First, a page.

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Output at risk of first decline since 2012

Construction industry output will decline this year for the first time since 2012, according to the latest forecast from the Construction Products Association.

Output for the whole of 2018 will be 0.6 per cent lower than in 2017, which will be the first year-on-year decline since 2012.

Sharp falls in the commercial sector, particularly the office and retail markets, are expected to drag down overall industry output.

The CPA also estimates that only 60 per cent of the £1bn in output lost due to Carillion’s collapse and bad weather in Q1 will be recovered over the rest of the year.

Strong growth in the infrastructure and residential sectors is expected to save the industry from a steeper decline in 2018.

However, CPA economics director Noble Francis said questions remained over the delivery of several major infrastructure projects.

“This growth is highly dependent on large projects such as HS2 and Hinkley Point C,” Prof Francis said.

“But, as ever, there remain concerns about government’s ability to deliver infrastructure projects without the cost overruns and delays that we have seen on Crossrail and HS2 recently.”

The CPA’s forecast cited further potential falls in output if Brexit talks were to stall or collapse.

“[Brexit uncertainty] badly affects demand in sectors such as prime residential in London, commercial offices towers and industrial factories, which is dependent on manufacturing,” Prof Francis added.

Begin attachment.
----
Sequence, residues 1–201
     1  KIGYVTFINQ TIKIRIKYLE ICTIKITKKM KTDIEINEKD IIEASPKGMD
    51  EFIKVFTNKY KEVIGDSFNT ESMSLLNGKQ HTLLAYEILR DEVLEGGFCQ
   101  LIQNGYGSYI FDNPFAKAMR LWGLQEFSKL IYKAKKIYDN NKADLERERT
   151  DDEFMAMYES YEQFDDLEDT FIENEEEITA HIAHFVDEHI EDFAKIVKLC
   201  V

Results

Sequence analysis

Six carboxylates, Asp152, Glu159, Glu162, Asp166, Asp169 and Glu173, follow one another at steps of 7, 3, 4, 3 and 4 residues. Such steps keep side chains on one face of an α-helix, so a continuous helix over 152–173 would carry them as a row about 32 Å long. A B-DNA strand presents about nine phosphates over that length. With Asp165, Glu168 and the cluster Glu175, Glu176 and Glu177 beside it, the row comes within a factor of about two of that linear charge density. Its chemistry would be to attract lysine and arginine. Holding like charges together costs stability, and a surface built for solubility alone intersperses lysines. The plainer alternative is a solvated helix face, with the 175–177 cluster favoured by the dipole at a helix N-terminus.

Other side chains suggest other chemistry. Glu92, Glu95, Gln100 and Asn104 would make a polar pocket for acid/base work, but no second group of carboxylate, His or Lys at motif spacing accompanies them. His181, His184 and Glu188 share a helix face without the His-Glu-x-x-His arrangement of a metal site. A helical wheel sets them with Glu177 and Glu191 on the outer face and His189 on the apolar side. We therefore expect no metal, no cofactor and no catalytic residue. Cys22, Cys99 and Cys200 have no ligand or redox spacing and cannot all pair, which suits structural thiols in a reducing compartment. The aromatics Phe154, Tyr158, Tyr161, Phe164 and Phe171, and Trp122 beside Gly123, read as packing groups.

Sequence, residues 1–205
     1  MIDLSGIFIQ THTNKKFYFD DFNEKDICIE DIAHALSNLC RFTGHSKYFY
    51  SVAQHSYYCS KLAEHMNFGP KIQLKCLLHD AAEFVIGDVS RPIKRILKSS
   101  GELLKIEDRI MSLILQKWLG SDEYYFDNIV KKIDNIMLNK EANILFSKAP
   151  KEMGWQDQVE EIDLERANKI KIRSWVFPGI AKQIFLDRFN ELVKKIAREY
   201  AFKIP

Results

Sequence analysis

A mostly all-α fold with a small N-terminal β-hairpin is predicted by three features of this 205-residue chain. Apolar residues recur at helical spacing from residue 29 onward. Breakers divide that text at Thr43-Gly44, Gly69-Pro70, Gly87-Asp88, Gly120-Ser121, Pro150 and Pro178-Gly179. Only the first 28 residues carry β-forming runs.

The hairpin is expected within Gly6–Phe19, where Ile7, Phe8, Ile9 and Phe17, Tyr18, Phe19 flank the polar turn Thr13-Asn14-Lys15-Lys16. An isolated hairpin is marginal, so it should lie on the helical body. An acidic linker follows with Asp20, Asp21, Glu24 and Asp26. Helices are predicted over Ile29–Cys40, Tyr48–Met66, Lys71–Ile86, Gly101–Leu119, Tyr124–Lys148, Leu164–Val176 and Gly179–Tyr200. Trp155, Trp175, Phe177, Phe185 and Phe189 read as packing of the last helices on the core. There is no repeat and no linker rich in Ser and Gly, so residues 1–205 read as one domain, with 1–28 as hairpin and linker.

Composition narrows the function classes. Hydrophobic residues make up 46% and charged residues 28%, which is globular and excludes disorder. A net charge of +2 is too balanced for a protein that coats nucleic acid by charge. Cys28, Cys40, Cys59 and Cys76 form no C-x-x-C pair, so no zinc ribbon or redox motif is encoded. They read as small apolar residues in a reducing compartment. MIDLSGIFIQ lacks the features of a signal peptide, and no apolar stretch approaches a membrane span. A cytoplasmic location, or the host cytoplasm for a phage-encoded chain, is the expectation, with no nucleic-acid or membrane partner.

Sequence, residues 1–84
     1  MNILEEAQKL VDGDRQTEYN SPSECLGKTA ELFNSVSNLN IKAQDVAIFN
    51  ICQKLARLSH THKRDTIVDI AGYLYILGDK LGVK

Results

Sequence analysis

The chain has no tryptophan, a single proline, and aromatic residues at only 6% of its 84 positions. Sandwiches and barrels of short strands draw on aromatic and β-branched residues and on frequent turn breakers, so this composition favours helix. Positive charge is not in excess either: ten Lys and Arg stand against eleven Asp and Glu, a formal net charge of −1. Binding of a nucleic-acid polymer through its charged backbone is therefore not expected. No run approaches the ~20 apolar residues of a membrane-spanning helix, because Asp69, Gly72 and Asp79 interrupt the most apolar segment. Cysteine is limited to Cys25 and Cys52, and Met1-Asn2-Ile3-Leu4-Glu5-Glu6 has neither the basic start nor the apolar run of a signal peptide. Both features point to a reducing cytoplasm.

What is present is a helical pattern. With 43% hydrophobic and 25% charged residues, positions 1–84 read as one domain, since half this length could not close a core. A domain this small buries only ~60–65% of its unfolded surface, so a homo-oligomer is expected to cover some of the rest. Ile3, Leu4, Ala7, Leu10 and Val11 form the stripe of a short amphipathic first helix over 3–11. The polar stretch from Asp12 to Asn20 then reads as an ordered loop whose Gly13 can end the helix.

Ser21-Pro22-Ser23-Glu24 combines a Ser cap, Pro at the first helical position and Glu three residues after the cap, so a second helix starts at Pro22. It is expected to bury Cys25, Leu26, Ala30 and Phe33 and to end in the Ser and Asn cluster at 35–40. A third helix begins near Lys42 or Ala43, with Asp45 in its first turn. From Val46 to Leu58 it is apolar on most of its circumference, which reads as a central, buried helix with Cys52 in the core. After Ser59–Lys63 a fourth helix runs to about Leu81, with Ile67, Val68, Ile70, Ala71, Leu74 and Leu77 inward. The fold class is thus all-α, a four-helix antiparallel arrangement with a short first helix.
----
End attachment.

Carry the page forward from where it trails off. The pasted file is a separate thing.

Output in the office market is forecast to fall 20 per cent in 2018, while output in the retail sector is expected to drop 10 per cent.

Last week Hammerson announced that its planned £1.4bn works at Brent Cross shopping centre, one of the largest retail projects in the UK, would be postponed until after 2019.

Prospects for commercial construction were more positive for some cities, including Birmingham, Manchester and Leeds.

However, the CPA noted that an expected slowdown in London will drag down output nationwide, due to the capital accounting for the majority of commercial activity. 

If the infrastructure pipeline delivers projects to site as expected, then the forecast said output in the sector would grow by 3.2 per cent this year and 13 per cent in 2019, when main works on HS2 are scheduled to begin.

CPA forecasts for total construction industry output are more positive for 2019 and 2020, with growth of 2.3 per cent and 1.9 per cent respectively.

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